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Reviews and Times

I Am

I Am

This one’s a keeper. A film that has smatterings of What The Bleep Do We Know? yet manages to tell a more relatable story you can’t help but admire. Most of that is due to its filmmaker, Tom Shadyac (bottom photo; Bruce Almighty, The Nutty Professor, Ace Ventura), a likeable if not fiercely devoted chap who offers us something we can really sink our teeth into: an interesting personal mission/vision quest. “Facing my own death brought an instant sense of clarity and purpose,” Shadyac tells viewers of his impetus behind venturing out into the world to ask significant minds what’s actually wrong with it—and what we can do about it. “We’re all interconnected,” the filmmaker soon realizes. Whether you believe it’s true or not, you can’t help but drink some of this Kool-Aid and walk away feeling inspired. Shadyac doesn’t simply go on to prove that point for the sake of being right, he allows us to experience his discoveries in a way that doesn’t feel overly manipulating.

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Reviews and Times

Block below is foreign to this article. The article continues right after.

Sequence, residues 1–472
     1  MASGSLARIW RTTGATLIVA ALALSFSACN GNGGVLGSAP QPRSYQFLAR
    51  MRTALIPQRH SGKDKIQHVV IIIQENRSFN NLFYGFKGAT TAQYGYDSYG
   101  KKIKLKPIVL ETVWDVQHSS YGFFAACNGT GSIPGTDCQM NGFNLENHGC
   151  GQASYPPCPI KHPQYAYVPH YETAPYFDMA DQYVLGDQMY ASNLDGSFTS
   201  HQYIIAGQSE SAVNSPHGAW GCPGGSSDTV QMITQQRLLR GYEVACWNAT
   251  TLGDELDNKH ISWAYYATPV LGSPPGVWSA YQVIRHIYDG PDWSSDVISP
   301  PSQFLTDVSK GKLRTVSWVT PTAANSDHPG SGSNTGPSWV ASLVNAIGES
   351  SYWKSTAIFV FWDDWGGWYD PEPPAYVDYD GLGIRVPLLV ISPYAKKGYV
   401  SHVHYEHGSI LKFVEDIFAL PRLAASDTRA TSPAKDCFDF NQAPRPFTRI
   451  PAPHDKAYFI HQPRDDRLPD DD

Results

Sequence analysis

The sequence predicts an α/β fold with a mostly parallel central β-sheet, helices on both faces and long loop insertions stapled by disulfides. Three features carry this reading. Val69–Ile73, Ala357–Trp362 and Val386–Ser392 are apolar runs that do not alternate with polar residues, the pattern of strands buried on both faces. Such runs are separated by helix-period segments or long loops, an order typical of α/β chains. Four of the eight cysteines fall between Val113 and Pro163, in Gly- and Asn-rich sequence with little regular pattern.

Film, Times & Events: Week of Apr. 07

Film, Times & Events: Week of Apr. 07

Films This Week
Check out the movies playing around town.
With reviews and trailers.

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Reviews and Times

Fresh Eyre

Fresh Eyre

Fukunaga crafts meticulous, vibrant new 'Jane Eyre'

Rising filmmaker (and UC Santa Cruz grad) Cary Joji Fukunaga wants to keep you guessing. His impressive first feature, Sin Nombre, was a gritty look at gang violence south of the border—in Spanish, yet. With his follow-up film, a new version of Jane Eyre, Charlotte Bronte's evergreen Victorian-era romance, not only does Fukunaga achieve a complete about-face, material-wise, his retelling proves to be a deeply felt, beautifully wrought little gem of mood and sensibility.